The Aeneas Route, the journey between archeology and nature becomes a cultural itinerary certified by the Council of Europe

The mythical journey of the Trojan hero narrated by Virgil has been declared as the 45th cultural itinerary recognised at European level. Thefirst one, the Camino de Santiago was recognised in 1987. Aeneas Route crosses 5 Mediterranean countries (Turkey, Greece, Albania, Tunisia and Italy) on a route that in Italy involves 6 Regions: Puglia, Sicily, Calabria, Campania and Lazio.

Rome, May 21 – Aeneas Route, the mythical journey of the Trojan hero narrated by Virgil starting from the city of Troy up to the Lazio coasts, through 5 countries, has officially entered among the itineraries certified by the Council of Europe. In this way, the certified cultural routes of the Council of Europe reaches the total amount of 45 itineraries (the first was the Camino de Santiago in 1987) which invite European citizens to discover a heritage consisting of archaeological, religious, artistic testimonies and sites of naturalistic value. The certification of the Council of Europe is issued to networks that promote shared European culture, history and memory. These routes must also embody and disseminate some fundamental values promoted by the Council of Europe such as democracy, human rights, intercultural exchanges. Aeneas Route which crosses the Mediterranean landscapes, was promoted in 2018 by Aeneas Route Association, in collaboration with the Municipality of Edremit (Turkey), with the Lavinium foundation (Italy) and with numerous organisations and institutions at an international level.

The unanimous decision to recognise to the Aeneas Route the certification of the Council of Europe – declared Giovanni Cafiero, president of the Aeneas Route Association – rewards over three years of work by our Association that has managed to create an enlarged network of members and supporters, thanks to the commitment of the volunteers who shared with us their great competence and passion. The Route of Aeneas today unites the shores of Turkey, Greece, Tunisia, Albania and Italy with their territories that symbolise the richness of European identity. It can promote a revival of tourism and economic and cultural exchanges as an opportunity for knowledge, encounter, consolidation of European and universal values, enhancing the richness of diversity“.

Aeneas Route is the first tourist-archaeological-maritime itinerary that starting from Turkey arrives in Europe according to the map of the route described in the Aeneid of Virgil. It has a precise geographical connotation and a rich storytelling linked all the stopoversof the journey up to the arrival in Rome. It involves Turkey, Greece, Albania, Tunisia and Italy with a path composed of 21 main stopovers.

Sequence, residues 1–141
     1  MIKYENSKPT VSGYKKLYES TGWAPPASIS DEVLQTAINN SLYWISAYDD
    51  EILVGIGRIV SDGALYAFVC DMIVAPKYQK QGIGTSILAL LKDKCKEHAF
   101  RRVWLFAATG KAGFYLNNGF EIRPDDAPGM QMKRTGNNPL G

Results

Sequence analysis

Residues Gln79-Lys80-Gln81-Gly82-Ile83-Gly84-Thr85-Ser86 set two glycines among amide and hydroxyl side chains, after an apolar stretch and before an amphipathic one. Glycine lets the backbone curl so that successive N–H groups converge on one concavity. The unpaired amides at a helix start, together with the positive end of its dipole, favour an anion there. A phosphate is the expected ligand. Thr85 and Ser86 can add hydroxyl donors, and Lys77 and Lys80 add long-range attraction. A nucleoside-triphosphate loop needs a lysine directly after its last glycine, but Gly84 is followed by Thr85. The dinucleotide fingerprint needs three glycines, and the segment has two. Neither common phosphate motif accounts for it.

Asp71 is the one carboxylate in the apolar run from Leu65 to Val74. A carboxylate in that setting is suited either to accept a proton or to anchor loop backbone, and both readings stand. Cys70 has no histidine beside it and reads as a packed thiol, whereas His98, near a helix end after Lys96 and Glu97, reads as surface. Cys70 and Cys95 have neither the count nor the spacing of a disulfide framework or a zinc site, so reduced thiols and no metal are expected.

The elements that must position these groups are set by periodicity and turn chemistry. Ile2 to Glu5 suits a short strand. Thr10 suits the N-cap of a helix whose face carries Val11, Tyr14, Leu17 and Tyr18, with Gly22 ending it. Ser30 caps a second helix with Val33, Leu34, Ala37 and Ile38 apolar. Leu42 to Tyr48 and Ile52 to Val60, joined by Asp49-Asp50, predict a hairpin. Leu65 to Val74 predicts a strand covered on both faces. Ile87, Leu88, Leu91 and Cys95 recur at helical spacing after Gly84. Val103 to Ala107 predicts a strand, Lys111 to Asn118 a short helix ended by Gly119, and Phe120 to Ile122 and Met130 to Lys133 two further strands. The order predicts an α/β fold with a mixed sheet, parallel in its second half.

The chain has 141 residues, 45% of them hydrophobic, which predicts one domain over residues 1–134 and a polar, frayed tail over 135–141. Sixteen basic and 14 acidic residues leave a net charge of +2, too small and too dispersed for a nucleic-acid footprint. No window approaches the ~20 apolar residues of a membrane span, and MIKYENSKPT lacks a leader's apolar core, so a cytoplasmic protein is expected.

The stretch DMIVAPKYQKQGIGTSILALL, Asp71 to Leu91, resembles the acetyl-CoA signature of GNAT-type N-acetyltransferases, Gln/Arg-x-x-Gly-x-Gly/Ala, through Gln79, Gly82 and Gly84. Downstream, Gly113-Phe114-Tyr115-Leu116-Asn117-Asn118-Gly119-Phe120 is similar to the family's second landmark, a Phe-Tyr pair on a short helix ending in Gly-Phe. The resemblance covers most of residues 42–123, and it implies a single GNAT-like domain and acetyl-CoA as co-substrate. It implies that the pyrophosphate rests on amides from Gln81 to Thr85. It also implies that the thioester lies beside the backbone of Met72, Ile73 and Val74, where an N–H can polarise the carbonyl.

Aeneas Route, 21 stopovers in 5 countries

The itinerary starts from Troy to get to Rome crossing 5 Mediterranean countries: Turkey, Greece, Albania, Tunisia and Italy. The route is composed of 21 main stopovers comprehending 6 Unesco Sites (Troia, Delos, Butrint, Mount Etna, Carthage, Cilento Park and Vallo di Diano), 3 National Parks (Mount Ida in Turkey, Butrint National Park in Albania and the Cilento National Park and Vallo di Diano in Italy on the Tyrrhenian coast), ending in the metropolitan area of Rome, a city that symbolises the Mediterranean community and the European Union since the 1956 Treaties of Rome. In Italy Aeneas Route crosses 5 regions : Apulia, Sicily, Calabria, Campania and Lazio.
The main sites that compose the tourist-archaeological-cultural itinerary of Aeneas Route are: Troy, Antandros and the National Park of Mount Ida, Ainos-Enez (Turkey), Delos, Crete and Lefkada (Greece), Butrint (Albania), Castro (Puglia), Crotone-Hera Lacinia (Calabria), Trapani-Erice-Segesta (Sicily), Carthage (Tunisia), Palinuro and Cuma-Pozzuoli, (Campania), Gaeta and Lavinium (Lazio) and the city of Rome, where Aeneas meets Evander, the king of the village on the Palatine. Aeneas Route involves the central-eastern Mediterranean basin, all the regions of the continental South and Sicily, displaying itself as a project for the revival of the culture and economy of the sea and in particular as an overall strategy for the enhancement of the archaeological/ landscape heritage and the quality productions of the entire coast of Italy and southern Italy.

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